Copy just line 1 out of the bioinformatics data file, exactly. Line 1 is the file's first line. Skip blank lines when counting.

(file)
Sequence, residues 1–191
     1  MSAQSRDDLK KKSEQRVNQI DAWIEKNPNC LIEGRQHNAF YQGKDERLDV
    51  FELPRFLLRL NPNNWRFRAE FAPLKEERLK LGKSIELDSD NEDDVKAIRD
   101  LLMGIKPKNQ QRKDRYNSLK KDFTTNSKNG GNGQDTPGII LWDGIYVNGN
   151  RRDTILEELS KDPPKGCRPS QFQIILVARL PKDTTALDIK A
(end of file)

Sequence, residues 1–191